Arts Under Pressure

When I was taking Sociology 10 last semester, my group was tasked to report on globalization. We focused our discussion on neoliberalism, the institutions that regulate the world economy and the subsequent effect of globalization in the Philippines.

I managed to find an interesting reading from the College of Arts and Letters library on arts and globalization, Arts Under Pressure: Promoting Culture and Diversity in the Age of Globalization was written by Joost Smiers.

I have not finished reading the book and it is way past its due. Before I return this to the shelves, here is an excerpt of an interesting section of the book. It strikes at the heart of one of the topics in the recent workshop we organized. Pandayan sa Daluyan tackled new media as a tool for community-based cultural work. Part of the using the web to propagate ideas and works is understanding the issue of licensing content. Tengal Drilon of the Sabaw Media Art Kitchen provided the input on Free Culture and Copyleft (video to be uploaded soon!).

Doubtful Originality
The Twenty FIrst Century’s Most Valuable Commodity
an excerpt from Arts Under Pressure by Joost Smiers

It would be good to see artists, in rich and poor countries alike, being remunerated fairly for their work. Many people still believe that copyright is one of the most important sources of an artist’s income. In fact, copyright, which on the European continent is usually called author’s rights, is becoming on of the most valuable commercial products of the twenty-first century. This makes it unlikely that the system still actually protects the interests of the majority of musicians, composers, actors, dancers, writers, designers, visual artists and filmmakers. The public domain is shrinking anyway, with the ongoing privitization of the creative and intellectual commons.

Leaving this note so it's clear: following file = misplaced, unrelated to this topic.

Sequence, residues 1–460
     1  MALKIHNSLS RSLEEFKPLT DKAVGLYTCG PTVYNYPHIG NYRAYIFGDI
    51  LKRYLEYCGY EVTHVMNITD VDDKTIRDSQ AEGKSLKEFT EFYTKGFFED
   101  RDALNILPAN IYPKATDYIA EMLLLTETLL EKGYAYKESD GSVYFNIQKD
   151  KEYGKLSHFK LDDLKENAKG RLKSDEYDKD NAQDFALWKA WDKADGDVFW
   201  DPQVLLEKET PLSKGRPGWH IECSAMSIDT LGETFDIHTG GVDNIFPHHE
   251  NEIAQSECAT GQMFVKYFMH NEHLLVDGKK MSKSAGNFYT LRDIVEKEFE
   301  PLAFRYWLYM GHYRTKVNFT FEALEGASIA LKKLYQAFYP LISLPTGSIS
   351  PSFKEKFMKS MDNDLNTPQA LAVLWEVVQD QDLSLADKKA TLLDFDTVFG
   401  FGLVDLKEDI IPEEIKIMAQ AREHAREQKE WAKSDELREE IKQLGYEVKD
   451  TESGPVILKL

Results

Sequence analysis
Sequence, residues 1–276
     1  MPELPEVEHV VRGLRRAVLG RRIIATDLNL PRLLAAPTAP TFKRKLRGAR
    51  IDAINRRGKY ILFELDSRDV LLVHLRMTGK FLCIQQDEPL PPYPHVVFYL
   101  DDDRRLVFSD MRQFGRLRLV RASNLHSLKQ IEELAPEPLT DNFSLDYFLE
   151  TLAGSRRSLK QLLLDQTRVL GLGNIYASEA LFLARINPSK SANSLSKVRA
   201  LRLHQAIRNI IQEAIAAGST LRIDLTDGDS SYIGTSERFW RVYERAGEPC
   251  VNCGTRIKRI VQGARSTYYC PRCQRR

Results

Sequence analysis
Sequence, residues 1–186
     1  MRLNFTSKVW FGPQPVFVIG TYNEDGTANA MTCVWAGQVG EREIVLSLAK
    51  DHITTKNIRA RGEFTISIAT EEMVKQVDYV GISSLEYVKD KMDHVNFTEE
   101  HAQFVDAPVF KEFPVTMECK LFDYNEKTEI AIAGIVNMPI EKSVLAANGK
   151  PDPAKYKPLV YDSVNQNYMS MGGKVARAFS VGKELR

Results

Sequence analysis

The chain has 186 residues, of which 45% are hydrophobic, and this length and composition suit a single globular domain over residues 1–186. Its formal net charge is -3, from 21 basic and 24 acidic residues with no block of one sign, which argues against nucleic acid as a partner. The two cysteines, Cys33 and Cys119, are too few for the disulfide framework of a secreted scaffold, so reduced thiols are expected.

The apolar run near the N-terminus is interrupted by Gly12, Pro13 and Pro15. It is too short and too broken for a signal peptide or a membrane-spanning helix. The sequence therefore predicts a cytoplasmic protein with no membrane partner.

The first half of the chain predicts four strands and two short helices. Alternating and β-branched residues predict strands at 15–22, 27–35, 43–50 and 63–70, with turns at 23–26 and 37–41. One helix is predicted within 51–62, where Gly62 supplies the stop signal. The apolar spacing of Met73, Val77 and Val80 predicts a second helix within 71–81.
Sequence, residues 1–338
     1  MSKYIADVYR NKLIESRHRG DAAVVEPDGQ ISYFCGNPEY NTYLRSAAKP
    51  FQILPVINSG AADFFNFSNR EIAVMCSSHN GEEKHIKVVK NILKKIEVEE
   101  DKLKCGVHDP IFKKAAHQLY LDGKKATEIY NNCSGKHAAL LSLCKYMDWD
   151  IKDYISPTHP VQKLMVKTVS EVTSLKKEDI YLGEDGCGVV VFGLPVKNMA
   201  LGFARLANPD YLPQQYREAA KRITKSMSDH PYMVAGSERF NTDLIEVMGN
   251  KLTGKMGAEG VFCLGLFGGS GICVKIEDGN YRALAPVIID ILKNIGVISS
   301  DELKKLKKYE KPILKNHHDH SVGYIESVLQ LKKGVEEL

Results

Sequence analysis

There are urgent reasons for trying to find other ways to ensure that artists can make a living from their work and that their creations and performances really get the respect they deserve. And we must realize once again that we hinder the social and cultural development of our societies when we continue to neglect the public domain of knowledge and creativity.

The information and cultural conglomerates embrace the whole world with waves and cables. Besides conveying business data, news and contracts, these superhighways serve as carriers of entertainment, which partly a trade product in itself though most of the time it also acts as the stimulus for buying and consuming other products. Entertainment, or what we like to call the arts, has moved from the sidelines of society right into the middle of the so-called new economy. This is one of the reasons we are again seeing a rush of mergers in the cultural field, such as the one between AOL and Time Warner.


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